I agree with PhilipJ that independence in learning, critical thinking, and the rest of it are very important, and I try to include this in the classes I teach. I also agree that from what I've seen, undergraduate programs don't always emphasize this to the degree that they should. The advent of undergraduate-level Capstone projects is a step in the right direction; I've seen some truly impressive work from upper division students at my university.
Anyway, to get back to teaching...someone commented in your previous post about learning styles. The percentages of students who "got" the various concepts, followed directions, and so forth may be indicative of how your students learn. Some do learn best by going and looking things up; some learn best by diving right in and trying things out; some learn best in collaboration with others. Some even learn best from lectures. Balancing all of these is difficult, but I think the results are worth it.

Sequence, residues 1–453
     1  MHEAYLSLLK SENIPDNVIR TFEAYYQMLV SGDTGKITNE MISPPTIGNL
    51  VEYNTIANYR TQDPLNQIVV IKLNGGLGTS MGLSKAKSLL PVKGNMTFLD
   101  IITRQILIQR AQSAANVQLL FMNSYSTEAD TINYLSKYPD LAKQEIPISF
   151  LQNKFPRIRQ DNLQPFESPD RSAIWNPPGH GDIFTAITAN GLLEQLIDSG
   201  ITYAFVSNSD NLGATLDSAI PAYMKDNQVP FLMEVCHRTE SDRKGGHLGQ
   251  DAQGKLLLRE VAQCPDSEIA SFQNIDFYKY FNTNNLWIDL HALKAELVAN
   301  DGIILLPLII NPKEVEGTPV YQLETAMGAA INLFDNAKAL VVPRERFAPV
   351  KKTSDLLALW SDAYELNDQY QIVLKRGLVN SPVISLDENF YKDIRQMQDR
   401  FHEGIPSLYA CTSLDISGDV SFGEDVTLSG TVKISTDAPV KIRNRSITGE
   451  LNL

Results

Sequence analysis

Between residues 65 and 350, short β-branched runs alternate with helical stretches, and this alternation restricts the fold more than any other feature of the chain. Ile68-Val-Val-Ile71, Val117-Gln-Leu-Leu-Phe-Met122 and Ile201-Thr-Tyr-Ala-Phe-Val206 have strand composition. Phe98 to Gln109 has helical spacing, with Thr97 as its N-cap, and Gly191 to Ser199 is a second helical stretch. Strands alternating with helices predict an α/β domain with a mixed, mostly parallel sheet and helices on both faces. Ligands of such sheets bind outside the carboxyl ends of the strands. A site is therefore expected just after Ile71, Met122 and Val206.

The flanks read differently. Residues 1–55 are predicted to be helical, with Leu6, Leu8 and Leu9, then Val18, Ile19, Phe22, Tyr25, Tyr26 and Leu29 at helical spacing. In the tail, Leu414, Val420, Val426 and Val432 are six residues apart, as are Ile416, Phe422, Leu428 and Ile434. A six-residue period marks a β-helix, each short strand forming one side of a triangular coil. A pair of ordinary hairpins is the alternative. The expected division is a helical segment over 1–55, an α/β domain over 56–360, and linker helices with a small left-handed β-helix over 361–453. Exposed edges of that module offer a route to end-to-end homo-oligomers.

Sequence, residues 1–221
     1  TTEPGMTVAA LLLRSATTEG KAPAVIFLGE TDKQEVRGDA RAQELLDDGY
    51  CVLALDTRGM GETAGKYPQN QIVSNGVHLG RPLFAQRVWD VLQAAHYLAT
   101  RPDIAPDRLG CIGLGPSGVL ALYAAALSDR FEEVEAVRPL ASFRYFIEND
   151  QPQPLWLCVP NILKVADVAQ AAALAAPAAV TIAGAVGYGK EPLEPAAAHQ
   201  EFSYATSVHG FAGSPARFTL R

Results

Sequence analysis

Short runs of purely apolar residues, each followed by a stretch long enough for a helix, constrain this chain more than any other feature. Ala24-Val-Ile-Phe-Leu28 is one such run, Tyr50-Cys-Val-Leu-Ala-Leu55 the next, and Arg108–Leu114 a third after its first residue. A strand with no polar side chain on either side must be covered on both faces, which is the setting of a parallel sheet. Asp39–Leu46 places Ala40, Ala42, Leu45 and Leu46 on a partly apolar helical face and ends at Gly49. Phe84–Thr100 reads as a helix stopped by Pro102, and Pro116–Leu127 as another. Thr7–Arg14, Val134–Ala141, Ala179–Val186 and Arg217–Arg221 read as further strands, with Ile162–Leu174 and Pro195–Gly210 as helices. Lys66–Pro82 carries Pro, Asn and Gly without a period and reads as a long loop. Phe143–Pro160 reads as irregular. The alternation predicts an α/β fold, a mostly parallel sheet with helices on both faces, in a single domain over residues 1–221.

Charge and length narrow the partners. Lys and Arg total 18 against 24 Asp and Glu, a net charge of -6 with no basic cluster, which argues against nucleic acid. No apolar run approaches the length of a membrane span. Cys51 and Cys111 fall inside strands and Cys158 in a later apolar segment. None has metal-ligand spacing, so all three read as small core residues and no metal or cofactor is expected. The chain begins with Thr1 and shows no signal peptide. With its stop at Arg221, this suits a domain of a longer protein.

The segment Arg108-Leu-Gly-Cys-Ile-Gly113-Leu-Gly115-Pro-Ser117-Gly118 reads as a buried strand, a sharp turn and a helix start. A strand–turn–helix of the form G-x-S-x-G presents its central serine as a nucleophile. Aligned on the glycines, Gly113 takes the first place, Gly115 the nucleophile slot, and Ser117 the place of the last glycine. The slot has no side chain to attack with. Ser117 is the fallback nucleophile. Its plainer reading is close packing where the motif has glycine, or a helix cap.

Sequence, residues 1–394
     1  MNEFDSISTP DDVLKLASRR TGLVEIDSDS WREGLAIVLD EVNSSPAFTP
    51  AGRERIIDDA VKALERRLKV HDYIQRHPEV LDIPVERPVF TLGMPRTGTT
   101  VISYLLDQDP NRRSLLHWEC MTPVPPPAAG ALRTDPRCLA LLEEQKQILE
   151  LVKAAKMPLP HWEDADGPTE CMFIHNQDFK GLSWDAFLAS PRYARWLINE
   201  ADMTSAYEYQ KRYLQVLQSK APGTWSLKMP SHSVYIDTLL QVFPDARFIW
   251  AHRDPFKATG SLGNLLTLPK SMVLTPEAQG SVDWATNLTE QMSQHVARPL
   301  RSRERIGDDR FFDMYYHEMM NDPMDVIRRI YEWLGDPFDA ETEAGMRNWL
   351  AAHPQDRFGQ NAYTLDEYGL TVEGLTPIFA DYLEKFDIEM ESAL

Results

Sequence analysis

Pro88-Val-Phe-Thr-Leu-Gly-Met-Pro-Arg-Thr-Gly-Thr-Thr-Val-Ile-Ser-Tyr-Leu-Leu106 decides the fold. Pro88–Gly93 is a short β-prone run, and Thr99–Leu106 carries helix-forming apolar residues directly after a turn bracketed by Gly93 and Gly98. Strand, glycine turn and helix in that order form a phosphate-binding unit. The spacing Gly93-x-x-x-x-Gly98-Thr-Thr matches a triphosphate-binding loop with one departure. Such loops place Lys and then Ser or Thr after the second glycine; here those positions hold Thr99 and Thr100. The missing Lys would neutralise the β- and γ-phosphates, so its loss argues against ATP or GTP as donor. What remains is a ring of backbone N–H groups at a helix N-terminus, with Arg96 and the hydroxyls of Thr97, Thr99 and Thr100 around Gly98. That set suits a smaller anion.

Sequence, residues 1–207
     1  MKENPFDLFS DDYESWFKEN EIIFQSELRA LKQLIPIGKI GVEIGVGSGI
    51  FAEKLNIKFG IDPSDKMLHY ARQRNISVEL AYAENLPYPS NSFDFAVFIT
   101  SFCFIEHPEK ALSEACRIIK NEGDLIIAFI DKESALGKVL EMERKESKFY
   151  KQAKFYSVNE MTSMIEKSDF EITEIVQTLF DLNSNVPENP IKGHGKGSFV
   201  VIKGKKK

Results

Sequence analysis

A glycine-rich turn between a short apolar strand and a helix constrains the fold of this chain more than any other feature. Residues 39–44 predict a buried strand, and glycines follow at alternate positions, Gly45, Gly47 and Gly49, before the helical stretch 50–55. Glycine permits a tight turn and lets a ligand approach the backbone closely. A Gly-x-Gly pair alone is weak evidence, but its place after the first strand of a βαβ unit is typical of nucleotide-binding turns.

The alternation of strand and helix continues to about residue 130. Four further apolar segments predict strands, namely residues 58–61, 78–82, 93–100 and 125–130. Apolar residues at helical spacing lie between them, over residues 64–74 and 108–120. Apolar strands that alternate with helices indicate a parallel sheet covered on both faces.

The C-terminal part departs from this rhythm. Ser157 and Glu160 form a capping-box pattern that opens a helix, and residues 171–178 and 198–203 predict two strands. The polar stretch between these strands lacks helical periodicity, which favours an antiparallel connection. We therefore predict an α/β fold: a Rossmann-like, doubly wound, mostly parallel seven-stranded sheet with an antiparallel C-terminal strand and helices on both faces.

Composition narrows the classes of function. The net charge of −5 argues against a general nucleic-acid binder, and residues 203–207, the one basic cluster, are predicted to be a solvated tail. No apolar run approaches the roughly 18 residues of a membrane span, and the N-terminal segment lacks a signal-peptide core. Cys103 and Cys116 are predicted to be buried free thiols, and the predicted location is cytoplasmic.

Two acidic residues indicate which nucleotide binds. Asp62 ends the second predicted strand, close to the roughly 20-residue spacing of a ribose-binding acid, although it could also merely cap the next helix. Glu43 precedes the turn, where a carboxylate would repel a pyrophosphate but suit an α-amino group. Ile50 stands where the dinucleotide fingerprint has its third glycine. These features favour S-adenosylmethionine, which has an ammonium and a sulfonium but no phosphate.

One thing I discovered about learning styles is that you tend to teach the way you learn best. I'm big on lectures and reading and have had to work to incorporate active learning into my classes. In a science class with a lab component, you have the active learning built in. I have a sneaking suspicion, based on your numbers, that most of your students learn best that way.